Other top members of her own party have begun clamoring for Cheney to quit — or be voted out of — her post as chairwoman of the House Republican Conference. Ohio Rep. Jim Jordan, co-founder of the conservative Freedom Caucus, called her stance on impeachment “totally wrong.” Montana Rep. Matt Rosendale said Cheney “ignored the preferences of Republican voters,” proving she’s “unfit to lead.”
But Cheney has bounced back from other tough moments, including when her short-lived 2014 primary challenge against Wyoming Sen. Mike Enzi was derided by the Republican establishment and conservative activists alike.
She won her state’s lone House seat when it came open just two years later. Cheney later turned down invitations by top Republicans to run for Enzi’s seat when he retired last year and instead opted to remain in the party’s House leadership — stoking speculation that she was intent on becoming the first female Republican to be House speaker.
And Cheney has bucked Trump before, speaking out against his opposition to mask-wearing, his veto of a defense spending bill and many foreign policy decisions. That was a key reason Trump singled her out before last week’s armed insurrection at the Capitol.
Not all Republicans denounced Cheney, evidence that the party remains deeply divided between those still siding with Trump and those now willing to oppose him mere days before he leaves office.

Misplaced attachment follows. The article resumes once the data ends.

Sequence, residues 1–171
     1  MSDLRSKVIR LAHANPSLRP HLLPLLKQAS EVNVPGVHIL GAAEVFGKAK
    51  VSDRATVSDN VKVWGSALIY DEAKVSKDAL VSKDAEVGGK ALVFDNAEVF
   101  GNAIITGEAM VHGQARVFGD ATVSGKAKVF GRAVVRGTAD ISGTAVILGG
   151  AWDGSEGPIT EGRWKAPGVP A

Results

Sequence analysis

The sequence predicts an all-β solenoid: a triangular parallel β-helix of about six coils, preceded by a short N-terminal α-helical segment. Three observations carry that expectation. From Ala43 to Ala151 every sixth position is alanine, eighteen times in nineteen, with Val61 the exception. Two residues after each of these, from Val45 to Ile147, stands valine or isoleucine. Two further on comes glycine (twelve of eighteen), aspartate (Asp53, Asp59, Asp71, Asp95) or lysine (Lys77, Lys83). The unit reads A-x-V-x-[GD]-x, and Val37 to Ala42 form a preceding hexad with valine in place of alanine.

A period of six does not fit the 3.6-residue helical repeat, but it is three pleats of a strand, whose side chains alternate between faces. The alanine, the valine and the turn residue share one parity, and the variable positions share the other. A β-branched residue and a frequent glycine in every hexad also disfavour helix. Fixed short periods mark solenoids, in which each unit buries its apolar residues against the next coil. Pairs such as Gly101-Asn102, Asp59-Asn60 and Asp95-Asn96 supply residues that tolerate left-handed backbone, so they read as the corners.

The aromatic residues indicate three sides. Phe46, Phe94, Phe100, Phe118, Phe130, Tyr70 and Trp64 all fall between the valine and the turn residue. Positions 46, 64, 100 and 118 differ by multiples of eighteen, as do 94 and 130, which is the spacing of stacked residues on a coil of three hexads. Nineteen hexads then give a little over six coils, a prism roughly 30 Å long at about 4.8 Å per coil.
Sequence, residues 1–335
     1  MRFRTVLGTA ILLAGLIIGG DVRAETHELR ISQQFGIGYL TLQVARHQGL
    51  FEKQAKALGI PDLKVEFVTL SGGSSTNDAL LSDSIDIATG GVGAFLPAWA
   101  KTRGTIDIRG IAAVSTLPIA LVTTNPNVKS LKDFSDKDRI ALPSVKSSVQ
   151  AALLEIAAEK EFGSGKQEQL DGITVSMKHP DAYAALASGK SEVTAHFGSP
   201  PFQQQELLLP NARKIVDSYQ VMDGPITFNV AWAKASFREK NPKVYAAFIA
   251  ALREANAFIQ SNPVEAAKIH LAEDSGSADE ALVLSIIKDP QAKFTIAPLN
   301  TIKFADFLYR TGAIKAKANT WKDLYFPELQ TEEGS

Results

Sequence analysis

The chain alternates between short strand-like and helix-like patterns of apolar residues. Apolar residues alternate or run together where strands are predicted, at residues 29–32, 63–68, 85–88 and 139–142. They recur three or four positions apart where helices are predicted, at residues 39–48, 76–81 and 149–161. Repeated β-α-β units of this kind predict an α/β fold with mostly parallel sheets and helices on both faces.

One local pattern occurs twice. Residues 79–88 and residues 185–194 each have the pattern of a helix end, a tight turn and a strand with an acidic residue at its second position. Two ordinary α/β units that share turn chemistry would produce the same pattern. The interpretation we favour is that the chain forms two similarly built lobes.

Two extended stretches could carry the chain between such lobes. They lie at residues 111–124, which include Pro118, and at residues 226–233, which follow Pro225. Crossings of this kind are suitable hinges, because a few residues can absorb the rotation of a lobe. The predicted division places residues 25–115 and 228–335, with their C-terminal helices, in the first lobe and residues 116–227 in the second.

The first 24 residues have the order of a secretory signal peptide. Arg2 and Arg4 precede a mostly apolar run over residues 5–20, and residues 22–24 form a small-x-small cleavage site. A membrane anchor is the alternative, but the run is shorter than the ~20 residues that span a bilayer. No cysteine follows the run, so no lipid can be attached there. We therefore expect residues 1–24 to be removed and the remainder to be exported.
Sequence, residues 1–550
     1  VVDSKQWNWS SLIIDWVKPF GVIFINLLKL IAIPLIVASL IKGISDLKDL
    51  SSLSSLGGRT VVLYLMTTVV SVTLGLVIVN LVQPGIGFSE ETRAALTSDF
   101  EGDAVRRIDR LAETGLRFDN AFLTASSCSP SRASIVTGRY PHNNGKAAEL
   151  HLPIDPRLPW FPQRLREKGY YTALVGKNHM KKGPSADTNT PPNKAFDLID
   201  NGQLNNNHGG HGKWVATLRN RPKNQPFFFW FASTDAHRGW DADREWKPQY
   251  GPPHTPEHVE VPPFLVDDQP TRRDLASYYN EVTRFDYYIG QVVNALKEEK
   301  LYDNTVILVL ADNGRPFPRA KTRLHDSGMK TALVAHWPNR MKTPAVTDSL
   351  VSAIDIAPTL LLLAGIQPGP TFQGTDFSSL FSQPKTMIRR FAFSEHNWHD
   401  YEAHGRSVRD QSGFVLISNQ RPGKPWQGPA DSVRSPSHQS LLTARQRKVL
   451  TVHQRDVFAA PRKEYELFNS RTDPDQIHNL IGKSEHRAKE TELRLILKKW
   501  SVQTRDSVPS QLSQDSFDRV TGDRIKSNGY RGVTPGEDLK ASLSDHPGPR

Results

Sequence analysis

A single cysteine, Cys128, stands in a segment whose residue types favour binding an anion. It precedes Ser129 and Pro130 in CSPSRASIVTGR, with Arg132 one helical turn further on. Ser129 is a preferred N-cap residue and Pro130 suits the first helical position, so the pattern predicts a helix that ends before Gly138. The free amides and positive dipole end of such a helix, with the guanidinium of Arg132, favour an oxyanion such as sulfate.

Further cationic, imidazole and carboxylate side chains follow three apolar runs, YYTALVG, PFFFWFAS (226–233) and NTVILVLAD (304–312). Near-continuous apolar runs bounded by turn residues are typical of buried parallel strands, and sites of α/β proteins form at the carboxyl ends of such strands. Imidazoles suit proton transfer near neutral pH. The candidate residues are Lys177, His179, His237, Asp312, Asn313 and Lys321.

“I’m not judging anybody on this,” said Utah Republican Rep. John Curtis. Rep. Nancy Mace, a newly elected Republican from Sanford’s old South Carolina district, said she’s been critical of both Democrats and Republicans for helping to create the political conditions that triggered the mob violence.
“I think it’s very important that we hold everybody accountable,” Mace said, “and I hope that people are investigated to the fullest extent of the law, from the president on down.”
Cheney also brushed aside any suggestion she’d quit the GOP House leadership, vowing, “I’m not going anywhere.”
“This is a vote of conscience. It’s one where there are different views in our conference,” she said. “But our nation is facing an unprecedented, since the Civil War, constitutional crisis.”
In a statement formally supporting Trump’s impeachment, Cheney similarly didn’t mince words, noting that the Capitol was overrun and ransacked after Trump “summoned the mob” and “lit the flame of this attack.” “There has never been a greater betrayal by a president,” she added.
Questions of a president’s fitness for office isn’t uncharted political territory for the Cheney family. Before he was vice president, Dick Cheney served as chief of staff to President Gerald Ford, who succeeded Richard Nixon and ultimately pardoned him, after Nixon resigned the presidency due to the Watergate scandal.
The elder Cheney also was a chief architect of many of President George W. Bush’s policy initiatives that most delighted the Republican base — from lucrative tax cuts to the war in Iraq. Today’s GOP has changed substantially, but still not enough, some suggest, for Cheney’s impeachment vote to haunt her much back home.
“You know who Daddy is, he’s still the old-trenches Republican bunch,” said Tim Dawson, a livestock veterinarian who voted for Trump in 2016 and 2020. ”I wouldn’t expect her to do any different, I really wouldn’t. And I think as far as a career in Wyoming, she’s good enough.”
Associated Press Writer Mead Gruver contributed from Cheyenne, Wyoming.